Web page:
By Kate Williams
What a day: July 14, 1609, Samuel de Champlain paddled by canoe into the lake that now bears his name. July 14, 2009, I was priveleged to spend the day on this very same lake with NFCT intern Ben Malakoff, first on the western shore at Plattsburgh, where we dedicated the long-awaited Plattsburgh kiosk, and later back in Vermont at Shelburne Bay, where we joined a commemorative birch bark canoe flotilla.
Ben and I arrived in Plattsburgh a bit early, so managed to get in a short paddle out around the breakwater just beyond the mouth of the Saranac River. We returned to find a group of friends and partners assembling at the kiosk, with just a light drizzle falling. As always, kiosks and the short ceremonies we host to celebrate their installation are one of the most tangible celebrations of NFCT partnerships. With us yesterday were the full range, from kiosk builder Ron Sharon, to Al Johnson of the U.S. Coast Guard, to photographers, local NFCT members, a representative from the Plattsburgh mayor’s office…. We’re a pretty mixed crowd at NFCT, and that’s just how we like it:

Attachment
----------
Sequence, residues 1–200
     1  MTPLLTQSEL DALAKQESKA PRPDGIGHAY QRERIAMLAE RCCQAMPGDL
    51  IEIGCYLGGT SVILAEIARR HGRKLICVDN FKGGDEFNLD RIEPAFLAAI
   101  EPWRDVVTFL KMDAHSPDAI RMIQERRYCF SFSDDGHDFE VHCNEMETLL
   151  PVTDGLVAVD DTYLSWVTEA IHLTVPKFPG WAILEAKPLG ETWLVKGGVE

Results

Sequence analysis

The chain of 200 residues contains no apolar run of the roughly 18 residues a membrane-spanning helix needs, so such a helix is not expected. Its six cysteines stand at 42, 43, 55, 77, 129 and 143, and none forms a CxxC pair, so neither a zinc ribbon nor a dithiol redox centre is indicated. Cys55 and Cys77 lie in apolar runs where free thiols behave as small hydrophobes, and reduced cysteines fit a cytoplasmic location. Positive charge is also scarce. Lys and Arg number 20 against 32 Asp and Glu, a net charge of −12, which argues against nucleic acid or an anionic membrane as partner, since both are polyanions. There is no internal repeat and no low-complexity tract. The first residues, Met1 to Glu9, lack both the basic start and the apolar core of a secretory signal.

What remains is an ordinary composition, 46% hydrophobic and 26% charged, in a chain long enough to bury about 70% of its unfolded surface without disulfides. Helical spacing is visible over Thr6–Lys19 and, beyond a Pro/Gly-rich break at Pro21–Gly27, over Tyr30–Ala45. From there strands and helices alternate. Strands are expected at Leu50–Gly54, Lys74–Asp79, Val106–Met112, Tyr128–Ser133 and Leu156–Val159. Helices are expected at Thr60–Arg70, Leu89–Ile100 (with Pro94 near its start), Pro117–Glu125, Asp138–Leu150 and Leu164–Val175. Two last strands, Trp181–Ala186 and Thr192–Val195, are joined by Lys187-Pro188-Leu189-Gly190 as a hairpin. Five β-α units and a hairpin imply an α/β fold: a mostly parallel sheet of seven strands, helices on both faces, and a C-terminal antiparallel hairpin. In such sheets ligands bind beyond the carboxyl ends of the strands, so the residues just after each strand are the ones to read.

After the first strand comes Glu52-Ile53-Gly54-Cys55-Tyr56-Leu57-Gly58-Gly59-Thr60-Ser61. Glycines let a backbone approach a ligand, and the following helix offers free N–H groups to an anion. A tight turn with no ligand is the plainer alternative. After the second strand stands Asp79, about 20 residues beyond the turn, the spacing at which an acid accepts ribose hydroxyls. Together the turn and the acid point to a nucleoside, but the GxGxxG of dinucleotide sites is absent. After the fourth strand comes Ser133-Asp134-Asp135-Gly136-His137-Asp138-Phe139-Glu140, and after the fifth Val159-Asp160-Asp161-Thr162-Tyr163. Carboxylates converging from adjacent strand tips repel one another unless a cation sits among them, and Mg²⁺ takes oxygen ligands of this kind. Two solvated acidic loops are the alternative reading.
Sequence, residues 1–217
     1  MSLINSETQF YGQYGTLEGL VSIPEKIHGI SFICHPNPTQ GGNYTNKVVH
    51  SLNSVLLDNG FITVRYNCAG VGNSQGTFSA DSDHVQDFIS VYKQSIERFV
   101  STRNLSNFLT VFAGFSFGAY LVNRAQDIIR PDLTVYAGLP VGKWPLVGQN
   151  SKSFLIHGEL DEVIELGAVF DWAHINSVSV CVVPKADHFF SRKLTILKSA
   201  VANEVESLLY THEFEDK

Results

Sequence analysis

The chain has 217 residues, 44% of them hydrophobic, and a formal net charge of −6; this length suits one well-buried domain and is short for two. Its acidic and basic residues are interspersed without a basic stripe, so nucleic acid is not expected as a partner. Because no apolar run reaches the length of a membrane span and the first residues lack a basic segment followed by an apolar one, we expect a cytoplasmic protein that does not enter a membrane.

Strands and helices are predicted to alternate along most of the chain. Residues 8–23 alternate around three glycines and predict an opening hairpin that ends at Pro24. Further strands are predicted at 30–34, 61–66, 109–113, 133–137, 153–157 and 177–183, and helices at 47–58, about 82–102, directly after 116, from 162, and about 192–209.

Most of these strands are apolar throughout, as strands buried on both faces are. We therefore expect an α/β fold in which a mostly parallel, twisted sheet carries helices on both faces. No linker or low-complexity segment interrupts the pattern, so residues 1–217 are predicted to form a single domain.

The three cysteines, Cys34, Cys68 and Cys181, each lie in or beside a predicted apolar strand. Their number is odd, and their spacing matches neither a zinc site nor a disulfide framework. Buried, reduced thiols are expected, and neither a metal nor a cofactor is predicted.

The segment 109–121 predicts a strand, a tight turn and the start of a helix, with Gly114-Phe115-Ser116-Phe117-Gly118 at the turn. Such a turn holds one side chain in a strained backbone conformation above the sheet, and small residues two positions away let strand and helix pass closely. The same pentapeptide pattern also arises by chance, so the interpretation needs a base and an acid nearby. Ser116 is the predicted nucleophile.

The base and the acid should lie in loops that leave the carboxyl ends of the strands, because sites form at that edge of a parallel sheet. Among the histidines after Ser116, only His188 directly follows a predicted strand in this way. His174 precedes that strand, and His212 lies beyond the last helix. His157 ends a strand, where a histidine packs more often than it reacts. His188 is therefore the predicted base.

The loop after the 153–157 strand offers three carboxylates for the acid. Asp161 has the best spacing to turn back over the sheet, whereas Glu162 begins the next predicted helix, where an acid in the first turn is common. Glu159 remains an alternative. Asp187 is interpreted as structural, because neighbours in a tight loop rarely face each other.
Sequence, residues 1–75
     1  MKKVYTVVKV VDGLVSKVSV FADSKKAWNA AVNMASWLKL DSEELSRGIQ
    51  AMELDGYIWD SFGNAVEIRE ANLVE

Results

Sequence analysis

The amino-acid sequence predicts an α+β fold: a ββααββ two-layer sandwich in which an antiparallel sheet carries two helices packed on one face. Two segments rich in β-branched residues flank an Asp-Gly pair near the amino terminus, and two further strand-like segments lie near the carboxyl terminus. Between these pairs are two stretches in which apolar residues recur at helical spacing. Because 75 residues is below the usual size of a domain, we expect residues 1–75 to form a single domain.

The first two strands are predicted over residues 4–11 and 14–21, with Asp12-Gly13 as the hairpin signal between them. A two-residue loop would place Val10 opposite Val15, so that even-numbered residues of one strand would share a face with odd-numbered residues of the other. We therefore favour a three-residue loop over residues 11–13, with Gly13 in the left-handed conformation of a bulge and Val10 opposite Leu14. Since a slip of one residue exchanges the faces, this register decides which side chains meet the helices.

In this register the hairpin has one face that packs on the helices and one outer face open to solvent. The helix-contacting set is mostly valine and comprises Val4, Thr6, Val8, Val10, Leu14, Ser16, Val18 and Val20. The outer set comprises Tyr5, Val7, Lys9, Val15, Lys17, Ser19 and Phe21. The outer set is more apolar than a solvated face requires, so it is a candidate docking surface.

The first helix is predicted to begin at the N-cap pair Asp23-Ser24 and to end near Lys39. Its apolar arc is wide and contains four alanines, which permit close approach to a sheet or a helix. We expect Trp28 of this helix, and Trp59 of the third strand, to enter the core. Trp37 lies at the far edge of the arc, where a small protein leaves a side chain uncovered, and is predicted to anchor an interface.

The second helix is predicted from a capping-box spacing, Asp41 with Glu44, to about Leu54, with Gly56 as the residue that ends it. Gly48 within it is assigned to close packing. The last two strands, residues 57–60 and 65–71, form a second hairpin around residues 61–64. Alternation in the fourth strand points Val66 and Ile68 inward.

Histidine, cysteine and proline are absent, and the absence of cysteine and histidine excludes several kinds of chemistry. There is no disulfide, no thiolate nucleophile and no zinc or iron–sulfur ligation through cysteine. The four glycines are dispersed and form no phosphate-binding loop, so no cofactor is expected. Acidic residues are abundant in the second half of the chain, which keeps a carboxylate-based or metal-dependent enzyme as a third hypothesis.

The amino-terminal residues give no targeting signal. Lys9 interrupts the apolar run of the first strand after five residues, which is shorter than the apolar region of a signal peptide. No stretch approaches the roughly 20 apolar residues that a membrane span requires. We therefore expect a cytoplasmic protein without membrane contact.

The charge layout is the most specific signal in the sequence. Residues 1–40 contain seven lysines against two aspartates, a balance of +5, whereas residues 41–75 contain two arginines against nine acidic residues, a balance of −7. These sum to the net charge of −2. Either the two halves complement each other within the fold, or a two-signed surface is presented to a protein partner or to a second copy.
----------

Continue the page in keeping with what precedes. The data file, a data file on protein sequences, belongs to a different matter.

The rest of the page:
Notice the roof on this kiosk, an addition we think looks great, and that we certainly appreciated as the rain increased at the end of our brief ceremony.
From Plattsburgh, Ben and I retraced our path, taking the Champlain Islands Ferry back to Vermont. We headed down to Shelburne Bay where we met up with the commemorative canoe flotilla, an amazing event. 8-10 incredibly beautiful birch bark canoes were joined by sea kayaks, contemporary canoes, young paddlers and old, for a group paddle out from Shelburne Bay. One of the birch barks had been built especially for the day by a Manitou couple from Quebec, finished only 48 hours before. As Ben and I paddled among the variety of boats, I was struck by the fact that the simple technology of the canoe has been as enduring as any other I can think of, and provides us with a very real connection to past experiences, people, and places. Some of the group headed up the lake shore to Burlington, others of us headed back to Shelburne Bay, but I think we all shared a sense of this connection as we dipped our paddles into the lake’s waters.
Ancient canoe meets modern kayak, 7/14/09. Hard to see in this photo, but the fellow in the stern of the canoe wore period dress from 1609, which was loose linen and looked quite comfy. Lifejacket was a bit more contemporary.
The next generation of birch barkers pulled their weight.